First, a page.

2012 Regulator: “High-Risk Enforcement Action against Crew Energy Ltd.” for a frac incident that contaminated groundwater. “The concentrations of chloride…remains elevated. Benzene, toluene, ethylbenzene, and xylene (BTEX) concentrations remained unchanged….”
Mr. Meikle’s letter: “Again when oil companies are going to hydraulically stimulate wells, they test all surrounding water wells for water quality and production rate.”
In my experience, companies refuse to do this, don’t test for all chemicals used on the few wells they do test and refuse complete chemical disclosure before drilling, preventing appropriate testing. And after a community’s water is contaminated and water tower explodes, Alberta regulators argue in court they owe ‘no duty of care’ to anyone harmed by industry’s contamination.
Mr. Meikle’s letter: “All chemicals used in fracking have to be reported to the AER.”
Not according to the regulator’s General Counsel: “the ERCB does not currently require licensees to provide detailed disclosure of the chemical composition of fracturing fluids.”
I asked what chemicals were injected in my community’s aquifers. Encana and the regulators refuse to cooperate.
Let’s hope more proof doesn’t involve Mr. Meikle’s water or loved ones. Fighting for accountability, justice and safe water, is an expensive, full-time job.
Fracking ban makes future study ‘really hard’: Wheeler panel industry member by Monica Graham, September 6, 2014, The Chronicle Herald
Energy Minister Andrew Younger’s plan to ban hydraulic fracturing demonstrates an incomplete reading of the Wheeler report, said a member of the panel that studied the controversial method of extracting onshore natural gas in Nova Scotia. Younger’s comments about hydraulic fracturing, or fracking, and his quick move to ban the practice show that he doesn’t understand the report or the subject, said Brad Hayes, head of the Calgary firm of Petrel Robertson Consulting Ltd. Hayes, whose company investigates and assesses geophysical and geological data for the petroleum industry, served on the panel that Cape Breton University president David Wheeler led. …
There is no scientific definition of fracking volume, which can run the spectrum from “tens of cubic metres to tens of thousands,” Hayes said. “Any definition would be arbitrary,” he said. “If you stop dead and say, ‘You can’t do anything,’ it’s really hard to do any studies.” …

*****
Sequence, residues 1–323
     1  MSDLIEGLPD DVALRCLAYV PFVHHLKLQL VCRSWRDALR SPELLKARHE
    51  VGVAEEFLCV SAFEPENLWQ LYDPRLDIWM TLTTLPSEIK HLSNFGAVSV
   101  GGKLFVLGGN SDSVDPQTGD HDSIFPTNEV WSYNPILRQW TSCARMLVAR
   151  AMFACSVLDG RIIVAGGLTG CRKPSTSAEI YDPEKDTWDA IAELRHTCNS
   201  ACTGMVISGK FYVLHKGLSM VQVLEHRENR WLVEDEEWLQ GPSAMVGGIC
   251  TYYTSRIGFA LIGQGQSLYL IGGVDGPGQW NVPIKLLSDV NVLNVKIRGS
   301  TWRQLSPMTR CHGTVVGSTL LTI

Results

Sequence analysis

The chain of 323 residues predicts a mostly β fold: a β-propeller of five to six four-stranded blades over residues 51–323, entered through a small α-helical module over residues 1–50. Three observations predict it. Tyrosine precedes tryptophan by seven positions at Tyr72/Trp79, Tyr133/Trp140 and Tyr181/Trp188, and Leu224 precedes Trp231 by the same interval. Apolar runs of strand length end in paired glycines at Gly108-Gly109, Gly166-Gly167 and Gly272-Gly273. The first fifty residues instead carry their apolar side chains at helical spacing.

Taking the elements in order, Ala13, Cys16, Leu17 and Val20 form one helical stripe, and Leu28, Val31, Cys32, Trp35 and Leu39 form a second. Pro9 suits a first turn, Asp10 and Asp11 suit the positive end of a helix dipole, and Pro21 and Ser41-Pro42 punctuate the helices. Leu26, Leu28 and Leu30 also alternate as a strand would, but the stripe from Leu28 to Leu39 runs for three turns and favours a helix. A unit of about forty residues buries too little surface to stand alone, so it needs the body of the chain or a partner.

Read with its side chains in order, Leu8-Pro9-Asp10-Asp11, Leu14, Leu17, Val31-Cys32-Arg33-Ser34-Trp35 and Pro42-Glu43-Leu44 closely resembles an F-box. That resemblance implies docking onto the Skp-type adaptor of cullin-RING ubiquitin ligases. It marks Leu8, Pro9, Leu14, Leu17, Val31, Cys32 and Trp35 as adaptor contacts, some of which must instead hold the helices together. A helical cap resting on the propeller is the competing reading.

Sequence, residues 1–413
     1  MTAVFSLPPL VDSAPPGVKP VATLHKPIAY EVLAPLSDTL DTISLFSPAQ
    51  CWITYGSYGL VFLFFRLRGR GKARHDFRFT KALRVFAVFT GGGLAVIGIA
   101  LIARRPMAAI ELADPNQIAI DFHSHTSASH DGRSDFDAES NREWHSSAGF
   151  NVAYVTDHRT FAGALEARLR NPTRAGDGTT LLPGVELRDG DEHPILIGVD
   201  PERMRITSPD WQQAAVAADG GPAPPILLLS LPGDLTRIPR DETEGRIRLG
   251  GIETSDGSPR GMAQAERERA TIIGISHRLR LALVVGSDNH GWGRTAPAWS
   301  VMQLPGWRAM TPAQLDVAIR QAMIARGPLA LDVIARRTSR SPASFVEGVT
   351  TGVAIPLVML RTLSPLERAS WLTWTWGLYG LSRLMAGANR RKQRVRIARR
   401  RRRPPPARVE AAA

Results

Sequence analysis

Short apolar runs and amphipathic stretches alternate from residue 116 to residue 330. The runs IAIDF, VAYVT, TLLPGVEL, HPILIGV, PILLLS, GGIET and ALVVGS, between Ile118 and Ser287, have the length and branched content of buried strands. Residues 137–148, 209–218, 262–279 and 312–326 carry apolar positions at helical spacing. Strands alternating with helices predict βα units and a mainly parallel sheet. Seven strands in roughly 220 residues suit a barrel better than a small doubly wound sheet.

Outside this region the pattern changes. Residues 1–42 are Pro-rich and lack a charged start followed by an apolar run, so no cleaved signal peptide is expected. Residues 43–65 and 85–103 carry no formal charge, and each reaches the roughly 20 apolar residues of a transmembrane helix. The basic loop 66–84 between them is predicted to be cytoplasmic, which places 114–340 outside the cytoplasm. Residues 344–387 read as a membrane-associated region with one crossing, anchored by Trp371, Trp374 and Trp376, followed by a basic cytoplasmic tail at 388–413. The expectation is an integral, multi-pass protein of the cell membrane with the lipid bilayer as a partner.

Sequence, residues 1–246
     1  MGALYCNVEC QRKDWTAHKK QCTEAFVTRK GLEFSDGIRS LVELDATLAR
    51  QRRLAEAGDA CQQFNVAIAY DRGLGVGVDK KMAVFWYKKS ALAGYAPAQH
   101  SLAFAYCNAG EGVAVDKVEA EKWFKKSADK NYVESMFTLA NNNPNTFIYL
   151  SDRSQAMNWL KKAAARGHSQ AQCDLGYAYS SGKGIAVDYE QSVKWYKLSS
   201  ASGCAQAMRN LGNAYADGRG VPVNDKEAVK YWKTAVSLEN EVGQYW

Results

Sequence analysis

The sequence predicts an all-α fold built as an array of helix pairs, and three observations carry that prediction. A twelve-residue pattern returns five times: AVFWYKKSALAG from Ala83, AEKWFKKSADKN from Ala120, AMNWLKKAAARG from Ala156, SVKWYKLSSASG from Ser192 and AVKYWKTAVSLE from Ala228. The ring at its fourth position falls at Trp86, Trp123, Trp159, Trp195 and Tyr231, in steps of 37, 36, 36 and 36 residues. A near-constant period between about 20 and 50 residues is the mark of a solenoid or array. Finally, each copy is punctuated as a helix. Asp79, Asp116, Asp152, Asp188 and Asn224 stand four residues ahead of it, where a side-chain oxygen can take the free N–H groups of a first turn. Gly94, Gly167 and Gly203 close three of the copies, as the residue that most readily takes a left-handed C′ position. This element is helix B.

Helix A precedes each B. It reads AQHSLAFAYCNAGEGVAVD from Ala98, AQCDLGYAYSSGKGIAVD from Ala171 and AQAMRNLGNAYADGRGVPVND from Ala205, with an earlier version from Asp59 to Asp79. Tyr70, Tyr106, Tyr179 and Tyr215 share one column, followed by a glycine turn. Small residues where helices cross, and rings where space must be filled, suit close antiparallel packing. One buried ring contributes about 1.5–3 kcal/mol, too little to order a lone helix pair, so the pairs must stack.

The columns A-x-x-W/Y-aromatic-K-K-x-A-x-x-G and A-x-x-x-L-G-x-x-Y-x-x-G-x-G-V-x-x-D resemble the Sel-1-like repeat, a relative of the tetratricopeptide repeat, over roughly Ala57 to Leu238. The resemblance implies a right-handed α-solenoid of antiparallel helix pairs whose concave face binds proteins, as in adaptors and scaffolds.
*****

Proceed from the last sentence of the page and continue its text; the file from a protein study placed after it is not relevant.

The one company holding a shale licence has stated it will work within the legislation, and the Stellarton coal bed methane project, with strong community support, looks commercially promising, [Younger] said. …
Canada has a different regulatory climate than the United States and the industries in the two countries shouldn’t be compared, Hayes said. No one can promise, with certainty, that there will be no damaged water supplies or other negative effects from hydraulic fracturing in Nova Scotia, he said.
Hayes said to his knowledge, negative effects haven’t happened in Canada. But he said he understands Nova Scotia’s attitude toward the practice. “People have been told a lot of things and they’ve been disappointed.”
Fracking ban definition of ‘high-volume’ practice unclear by Aaron Beswick, September 5, 2014, The Chronicle Herald
What is high-volume fracking? Apparently, legislation is coming to ban it in Nova Scotia. …
The only reference Marco Navarro-Genie from the Atlantic Institute for Market Studies could find to such a practice in the report was with regard to the amount of wells drilled. In Cape Breton University president David Wheeler’s report on the controversial method of pumping water, sand and chemicals deep into the ground to open up oil- and gas-bearing shale deposits, high-volume hydraulic fracturing in Nova Scotia would be if over 20,000 wells were drilled.
After speaking to citizens in Pugwash on Friday about the importance of the province harvesting its natural resources, Navarro-Genie said the minister’s announcement will leave the door open to medium- and low-volume fracking — whatever they are. “I expect this will come to light in the fullness of time when the legislation is debated in the house,” he said. Asked whether he thought Younger had yet decided what high-volume fracking is, Navarro-Genie replied: “I have to assume when the minister speaks, he knows what he’s talking about.”